...free to think freely


5th January 2024

Digging deep, but not deeply enough

Yesterday’s episode of Fixing Britain on Radio Four left me somewhere between distressed and annoyed. The subject was “Violence against Women”. In it, Louise Casey examined the phenomenon of abuse in all its forms, ranging from indecent exposure, through coercive control and rape, all the way to murder. However, she did so on the basis that this is perpetrated by men against women and that men therefore needed fixing. She was certainly right to highlight how behaviour can escalate from mild forms of abuse to more major ones and that attitudes are the problem, but it was all about cultural influences on men which cause some of us to become disrespectful of women.

The problem was, being part of the establishment formed by the Civil Service, where she worked most of her life, and the BBC, for whom she made this programme, she thought too much in category terms, which was why she upset a man who has thrice been the victim of abuse and violence by women, and once sought in vain help from the Men’s Advice Line run (in my experience somewhat ineffectively) by the charity Respect.

I cannot judge from my own perspective whether abuse is most frequently male on female, female against male, male against male, or female against female. I cannot experience two of those. However, I can tell from my experience and that of others it is far too common. Most people I have spoken to have some personal knowledge of it. The idea perpetrators and victims might be particular kinds of people might or might not be borne out by statistics, but then again, the basis of those statistics needs careful control. My experience with the MAL leads me to suspect male victims are under-reported or under-recorded.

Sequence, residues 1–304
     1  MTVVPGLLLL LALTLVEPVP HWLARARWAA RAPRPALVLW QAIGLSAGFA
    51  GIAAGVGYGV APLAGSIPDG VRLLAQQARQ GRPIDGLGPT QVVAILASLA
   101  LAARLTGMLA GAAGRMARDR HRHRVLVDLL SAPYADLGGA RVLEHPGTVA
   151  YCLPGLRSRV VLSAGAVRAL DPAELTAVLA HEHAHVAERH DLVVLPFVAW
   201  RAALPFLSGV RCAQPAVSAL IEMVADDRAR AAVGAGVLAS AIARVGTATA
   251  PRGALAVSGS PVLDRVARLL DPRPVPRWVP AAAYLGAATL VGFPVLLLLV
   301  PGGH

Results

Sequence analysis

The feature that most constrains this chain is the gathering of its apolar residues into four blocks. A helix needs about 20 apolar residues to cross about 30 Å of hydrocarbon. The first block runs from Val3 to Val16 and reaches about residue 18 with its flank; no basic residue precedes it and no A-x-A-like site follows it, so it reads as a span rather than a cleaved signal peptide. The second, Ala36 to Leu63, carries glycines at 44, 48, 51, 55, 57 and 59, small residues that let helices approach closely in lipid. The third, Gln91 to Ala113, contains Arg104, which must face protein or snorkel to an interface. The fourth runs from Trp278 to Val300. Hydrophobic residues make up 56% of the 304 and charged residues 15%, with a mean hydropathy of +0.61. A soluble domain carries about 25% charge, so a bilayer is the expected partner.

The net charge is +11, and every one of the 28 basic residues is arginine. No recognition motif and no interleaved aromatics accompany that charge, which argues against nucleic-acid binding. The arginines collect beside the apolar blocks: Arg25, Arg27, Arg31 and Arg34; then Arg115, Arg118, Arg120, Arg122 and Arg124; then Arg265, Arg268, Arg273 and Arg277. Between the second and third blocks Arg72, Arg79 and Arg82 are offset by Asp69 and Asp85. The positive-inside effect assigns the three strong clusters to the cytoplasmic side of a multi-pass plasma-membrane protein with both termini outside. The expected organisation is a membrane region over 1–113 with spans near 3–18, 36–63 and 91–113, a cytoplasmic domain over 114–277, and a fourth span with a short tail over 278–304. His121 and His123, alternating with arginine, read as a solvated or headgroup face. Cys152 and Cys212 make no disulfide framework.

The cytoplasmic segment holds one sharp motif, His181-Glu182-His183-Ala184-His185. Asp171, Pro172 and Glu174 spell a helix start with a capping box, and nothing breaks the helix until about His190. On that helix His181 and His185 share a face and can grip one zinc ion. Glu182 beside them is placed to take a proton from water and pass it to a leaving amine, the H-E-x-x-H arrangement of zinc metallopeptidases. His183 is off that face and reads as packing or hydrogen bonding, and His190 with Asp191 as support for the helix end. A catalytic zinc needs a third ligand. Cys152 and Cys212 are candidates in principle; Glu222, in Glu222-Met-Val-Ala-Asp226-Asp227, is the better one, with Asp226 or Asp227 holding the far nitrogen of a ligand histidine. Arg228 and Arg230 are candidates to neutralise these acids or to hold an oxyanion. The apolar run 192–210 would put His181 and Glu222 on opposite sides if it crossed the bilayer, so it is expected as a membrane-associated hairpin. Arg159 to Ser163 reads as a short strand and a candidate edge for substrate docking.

It is true Social Media algorithms drive contact into a like-for-like mode, separating people on the basis of interests or issues, so people who rely largely on it for their world-view will tend to lose the breadth of understanding we need to judge accurately or impartially. It is also true those algorithms will drive on-line experience toward extremes because the sensational attracts attention and that means pornography gets evermore shocking and evermore perverse, normalising vicious behaviour and associated attitudes for those who are served it by the algorithm. Generally, this limiting of knowledge and breakdown in the cohesion of society will lead to disrespect of others and abuse and is a serious concern, but blaming the other is just part of that same disrespectful cycle.

We need to understand the real causes of bad behaviour are multiple and complex, varying from antisocial or selfish people to those with personality disorders, those with serious mental illness, and those influenced by cultures which fuel prejudice and poor attitudes to others, such as our current divisive identity-based viewpoints. Violence is a serious crime, whoever the victim is, and we need to lower the temperature on blaming and shaming groups and raise general empathy between people irrespective of differences. For the differences between people are far less than the humanity which unites us, and we lose sight of that at our peril.